Arlington County Board candidate Audrey Clement, who previously told news outlets that she is in her early 50s, appears to be two decades older, according to government records.

When asked about the discrepancy, Clement, a perennial candidate who largely has self-funded her independent campaigns for local office, said that asking for her age amounted to discrimination and violated her right to privacy.

“I believe that The Washington Post doesn’t have any right to require that information of me or any other political candidate,” she said in a phone interview Monday. “I believe that it is a violation against my civil right and a manifestation of ageism.”

Earlier this month, The Post sent an online questionnaire to all four candidates running for the board’s one open seat. The survey included several required questions on basic biographical information — including age, neighborhood and occupation — and asked candidates to describe their stances on local issues.

In her submission last week, Clement reported her age as 52. In voter registration records reviewed by The Post on Monday, she reported that she was born in March 1949 — which would make her twenty years older. A court record for a 2007 traffic ticket also listed her birthday as falling in the same month and year as those listed in registration.

Asked to confirm whether she was in fact 72, Clement said, “I take my Fifth Amendment right against self-incrimination.” Upon further questioning, Clement said she had “achieved the age of 52.”

Clement said an interview Monday that she intended to write “I refuse to disclose” in the part of the survey that asked for her age, but The Post’s form required a number for that field.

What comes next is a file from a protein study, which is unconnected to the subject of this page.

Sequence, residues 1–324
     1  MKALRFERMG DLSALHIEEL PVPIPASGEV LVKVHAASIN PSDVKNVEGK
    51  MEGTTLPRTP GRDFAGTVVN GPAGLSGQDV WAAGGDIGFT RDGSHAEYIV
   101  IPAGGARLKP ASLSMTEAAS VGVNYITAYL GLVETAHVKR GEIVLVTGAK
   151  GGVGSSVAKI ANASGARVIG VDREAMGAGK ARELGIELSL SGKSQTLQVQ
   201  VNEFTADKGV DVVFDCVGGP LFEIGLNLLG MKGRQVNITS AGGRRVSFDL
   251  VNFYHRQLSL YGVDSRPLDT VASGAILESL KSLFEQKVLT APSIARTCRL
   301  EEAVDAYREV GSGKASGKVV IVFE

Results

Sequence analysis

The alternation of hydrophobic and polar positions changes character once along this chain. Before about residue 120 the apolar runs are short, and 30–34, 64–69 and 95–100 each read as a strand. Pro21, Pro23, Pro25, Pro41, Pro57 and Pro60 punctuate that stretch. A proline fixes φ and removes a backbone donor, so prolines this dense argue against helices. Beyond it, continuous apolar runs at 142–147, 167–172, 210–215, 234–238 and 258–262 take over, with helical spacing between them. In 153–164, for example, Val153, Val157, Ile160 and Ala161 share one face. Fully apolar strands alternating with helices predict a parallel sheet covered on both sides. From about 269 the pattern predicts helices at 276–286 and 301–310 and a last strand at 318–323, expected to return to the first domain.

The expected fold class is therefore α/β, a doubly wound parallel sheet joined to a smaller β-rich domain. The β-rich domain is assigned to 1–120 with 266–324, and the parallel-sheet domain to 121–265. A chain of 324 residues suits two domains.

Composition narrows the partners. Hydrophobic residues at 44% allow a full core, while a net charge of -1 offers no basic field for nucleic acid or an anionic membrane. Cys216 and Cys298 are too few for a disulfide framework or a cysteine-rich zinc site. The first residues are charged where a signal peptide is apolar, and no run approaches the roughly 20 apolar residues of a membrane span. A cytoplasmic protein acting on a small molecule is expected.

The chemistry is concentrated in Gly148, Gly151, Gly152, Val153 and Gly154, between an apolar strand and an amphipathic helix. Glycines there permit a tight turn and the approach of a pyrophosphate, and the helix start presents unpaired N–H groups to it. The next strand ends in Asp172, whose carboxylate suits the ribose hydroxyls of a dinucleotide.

When that didn’t work, she tried to leave the field blank, she said. When the form didn’t accept that submission either, she wrote that she was 52 instead. Clement never reached out to The Post to ask that her age not be disclosed, nor did she request that The Post article that reported she was 52 be corrected.

Mark Rozell, dean of the Schar School of Policy and Government at George Mason University, said it is standard practice for reporters to ask candidates for elected office about their age — and that it was disqualifying for a candidate to misstate their age.

“If you can’t trust someone to accurately represent themselves, where is the trust for anything else as a public servant?” he said. “In the realm of ridiculous, it’s off the charts.”

Clement, however, claimed that it should be illegal to ask candidates for public office about their age, at first saying it violated the First Amendment — even though the First Amendment does not guarantee a right to privacy. She then cited federal employment law, which prevents employers from asking job candidates their exact age.

Asked why voters should trust her if she misstates her age, she again evaded the question.

“I believe that your questioning of me right now is a violation of my right to privacy,” she told a reporter.

In a subsequent phone call, Clement said that “a lot of candidates who reach a certain age are perceived to be over the hill, and therefore, unqualified for the office for which they are running.”

Alice Crites contributed to this report.